We ask that you turn in “all” source code for your program, so that we would have a reasonable chance of being able to build/run it ourselves. There is a fine line between including obscure libraries that we might not have, and bundling up the whole universe. Use your judgment. Definitely include anything that you have written. And remember that in the writeup, we need instructions.

Some hints…

  • You can see some interesting things just by loading the data into Excel and sorting the tables in various different ways. I strongly recommend that you look at the data and get a sense of it using something like Excel. Your visualizations should show more complex and interesting things.
  • Showing the entire big tree at once may not be a good idea. Just putting 2700 names in one image would be a bit much. Even 2700 dots. You’ll need some scalability strategy.
  • Think about interaction. If you can’t implement it, you can describe it and show before/after pictures.
  • Think about summarization. How can you combine things (aggregate) so you don’t need to show as much, and provide details on demand?
  • If you zoom in (to show a portion of the tree), consider focus + context to help the viewer remember where they are.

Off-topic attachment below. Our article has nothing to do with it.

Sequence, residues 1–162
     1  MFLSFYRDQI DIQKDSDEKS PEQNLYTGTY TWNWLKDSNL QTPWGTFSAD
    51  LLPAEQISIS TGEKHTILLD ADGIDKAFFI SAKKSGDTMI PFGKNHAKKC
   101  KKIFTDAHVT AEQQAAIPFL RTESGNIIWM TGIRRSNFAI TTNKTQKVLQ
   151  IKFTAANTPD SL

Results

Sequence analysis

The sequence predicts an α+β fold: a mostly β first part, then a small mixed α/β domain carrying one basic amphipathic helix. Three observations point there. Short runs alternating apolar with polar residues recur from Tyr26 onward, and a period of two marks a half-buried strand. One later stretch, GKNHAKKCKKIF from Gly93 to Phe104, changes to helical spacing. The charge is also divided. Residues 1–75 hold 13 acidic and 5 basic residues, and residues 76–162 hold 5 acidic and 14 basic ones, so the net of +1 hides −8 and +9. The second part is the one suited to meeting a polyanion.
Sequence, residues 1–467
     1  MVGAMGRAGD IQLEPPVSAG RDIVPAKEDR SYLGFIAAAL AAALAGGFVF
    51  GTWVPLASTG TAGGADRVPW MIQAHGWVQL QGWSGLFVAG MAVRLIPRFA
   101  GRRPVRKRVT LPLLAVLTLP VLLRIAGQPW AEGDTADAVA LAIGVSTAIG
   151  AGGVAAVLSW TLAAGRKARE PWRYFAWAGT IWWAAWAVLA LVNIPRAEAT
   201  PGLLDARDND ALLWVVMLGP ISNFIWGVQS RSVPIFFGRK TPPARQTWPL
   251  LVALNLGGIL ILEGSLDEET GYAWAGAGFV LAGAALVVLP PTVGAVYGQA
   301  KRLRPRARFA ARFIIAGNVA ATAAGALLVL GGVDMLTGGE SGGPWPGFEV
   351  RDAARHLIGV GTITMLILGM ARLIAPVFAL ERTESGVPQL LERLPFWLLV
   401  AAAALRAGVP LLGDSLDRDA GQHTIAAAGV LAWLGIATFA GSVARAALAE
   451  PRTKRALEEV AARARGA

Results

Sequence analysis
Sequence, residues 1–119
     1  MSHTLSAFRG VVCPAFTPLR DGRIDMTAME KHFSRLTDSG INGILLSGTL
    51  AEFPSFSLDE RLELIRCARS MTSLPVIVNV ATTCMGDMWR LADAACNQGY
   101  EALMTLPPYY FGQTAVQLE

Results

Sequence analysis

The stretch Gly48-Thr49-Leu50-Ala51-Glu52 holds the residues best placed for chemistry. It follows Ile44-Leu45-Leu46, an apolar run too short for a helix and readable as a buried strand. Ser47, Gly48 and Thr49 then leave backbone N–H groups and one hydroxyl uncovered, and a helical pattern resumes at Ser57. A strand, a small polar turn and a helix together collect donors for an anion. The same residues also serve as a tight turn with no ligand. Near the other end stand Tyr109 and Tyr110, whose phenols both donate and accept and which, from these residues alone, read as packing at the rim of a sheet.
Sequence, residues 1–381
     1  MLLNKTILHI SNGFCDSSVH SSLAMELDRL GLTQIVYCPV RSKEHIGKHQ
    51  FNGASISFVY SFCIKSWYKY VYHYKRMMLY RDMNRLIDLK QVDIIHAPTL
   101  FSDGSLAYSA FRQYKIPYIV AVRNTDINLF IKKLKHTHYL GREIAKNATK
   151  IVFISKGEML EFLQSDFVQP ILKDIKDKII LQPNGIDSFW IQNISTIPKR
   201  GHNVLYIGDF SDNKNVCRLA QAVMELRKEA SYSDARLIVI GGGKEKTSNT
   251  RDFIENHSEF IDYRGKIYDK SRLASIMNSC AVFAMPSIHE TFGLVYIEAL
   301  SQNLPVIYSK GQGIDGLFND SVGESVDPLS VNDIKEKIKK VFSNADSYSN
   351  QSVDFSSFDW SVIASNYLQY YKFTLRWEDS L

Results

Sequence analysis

• There are no shortage of clever ways to show trees. Check TreeVis.Net.
  • BarcodeTree is a brand new way to show trees compactly. I am not sure if I like it, but it did make me think.


We will give you a single A-F grade (on the 0-100 scale, 90=A). It will be based on what you turn in at the end. If you failed to turn in any of the preliminary phases, we may penalize you.

Your grade will be a combination of:

  • Quality of the implementation (how impressive is what you’ve done)
  • Quality of the design (how interesting, well thought out, adapted to the tasks, …)
  • Quality of the analysis and rationale (how well do you convince us that you’ve come up with designs that really address tasks)
  • Quality of the presentation (write-up, video, …)

You can score points in any category. If your implementation is just a sketch, you won’t get much for implementation, but you can make up for it in the other categories.